New guidelines for acute kidney injury – a 'silent killer'
Wednesday 13 March 2013
Thursday 14 March is World Kidney Day. The theme is acute kidney injury (AKI); a serious condition that many people have never heard of.
Acute kidney injury (AKI) is where the kidneys quickly lose function within a few days. It is common and harmful – it is also avoidable and treatable. It affects about 20% of people who are admitted to hospital as an emergency.
AKI can be a silent killer, as there are no obvious symptoms in the early stages and the kidneys have often lost more than 50% of their function before it is diagnosed. This can lead to chronic kidney problems later on – or even kidney failure meaning the patient needs dialysis/ a kidney transplant.
AKI rarely occurs on its own, but is often a complication of other illnesses such as heart attack or liver disease or a serious infection.
The National Institute for Health and Clinical Excellence (NICE) is publishing new national guidelines tomorrow, aimed at increasing health professionals’ recognition and management of AKI so it is diagnosed sooner and managed better.
Dr Marlies Ostermann, a consultant in nephrology and critical care, was part of the group that has developed these guidelines: “It’s vitally important that doctors and nurses in all specialties become more aware of AKI. 20-30% of AKI could be prevented by ensuring that every patient admitted as an emergency is carefully assessed for their AKI risk, and that simple steps are taken in patients at high risk of AKI.”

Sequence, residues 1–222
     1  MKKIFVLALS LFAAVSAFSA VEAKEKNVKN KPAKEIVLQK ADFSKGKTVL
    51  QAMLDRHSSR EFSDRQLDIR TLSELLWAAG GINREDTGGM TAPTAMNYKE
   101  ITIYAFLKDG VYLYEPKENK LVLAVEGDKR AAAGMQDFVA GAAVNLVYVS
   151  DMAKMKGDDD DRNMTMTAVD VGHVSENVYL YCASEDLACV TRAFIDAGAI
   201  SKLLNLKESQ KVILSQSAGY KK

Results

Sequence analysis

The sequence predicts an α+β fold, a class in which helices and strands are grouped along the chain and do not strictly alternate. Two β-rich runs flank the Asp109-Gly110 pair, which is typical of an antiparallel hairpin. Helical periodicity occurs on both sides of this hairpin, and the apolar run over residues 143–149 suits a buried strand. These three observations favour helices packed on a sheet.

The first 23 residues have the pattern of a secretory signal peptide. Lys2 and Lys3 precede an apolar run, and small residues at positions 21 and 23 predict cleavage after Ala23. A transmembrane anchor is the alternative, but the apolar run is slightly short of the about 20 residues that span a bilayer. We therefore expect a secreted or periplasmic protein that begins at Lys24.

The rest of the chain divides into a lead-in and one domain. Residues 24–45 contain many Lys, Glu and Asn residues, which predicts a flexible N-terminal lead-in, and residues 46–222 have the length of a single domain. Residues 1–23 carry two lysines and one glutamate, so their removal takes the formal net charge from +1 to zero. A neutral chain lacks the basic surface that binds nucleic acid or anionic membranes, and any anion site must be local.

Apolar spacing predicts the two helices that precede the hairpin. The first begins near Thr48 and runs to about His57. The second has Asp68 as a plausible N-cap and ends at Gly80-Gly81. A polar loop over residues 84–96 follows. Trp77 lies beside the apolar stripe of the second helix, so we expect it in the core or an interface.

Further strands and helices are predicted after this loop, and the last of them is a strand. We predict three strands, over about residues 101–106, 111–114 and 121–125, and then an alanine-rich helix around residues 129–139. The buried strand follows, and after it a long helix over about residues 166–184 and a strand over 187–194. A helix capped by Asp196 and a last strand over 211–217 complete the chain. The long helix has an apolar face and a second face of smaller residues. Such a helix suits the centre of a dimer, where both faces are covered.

A high price
Nick Palmer, a Guy’s kidney transplant patient, was the patient representative on the group: “AKI has a big human cost – these patients end up staying in hospital for longer, and have a greater risk of complications and death. In serious cases their kidney health may be permanently affected, which could result in renal failure. The only way to treat renal failure is with dialysis or a transplant. Home care, loss of work, and further complications are all a possibility.”
As well as the impact on patients, preventable AKI wastes healthcare resources. The NHS in London spends more treating AKI than on the four most common cancers (breast, prostate, bowel, lung).
Better prevention and diagnosis across the UK could save the NHS £130m-£186m per year.
- Up to 750,000 cases/year in England: 60% (450,000) in people with no history of kidney disease, and 20-30% (150,000-225,000) are preventable
- The most common causes are infection, dehydration, and medication
- Risk factors include age, and long term conditions such as diabetes, chronic kidney disease, and heart or liver disease
Staff and patients are running an information stand on Thursday 14 March to support World Kidney Day. For information about AKI, kidney disease and organ donation visit Guy’s main reception 9am-3pm.
Last updated: March 2013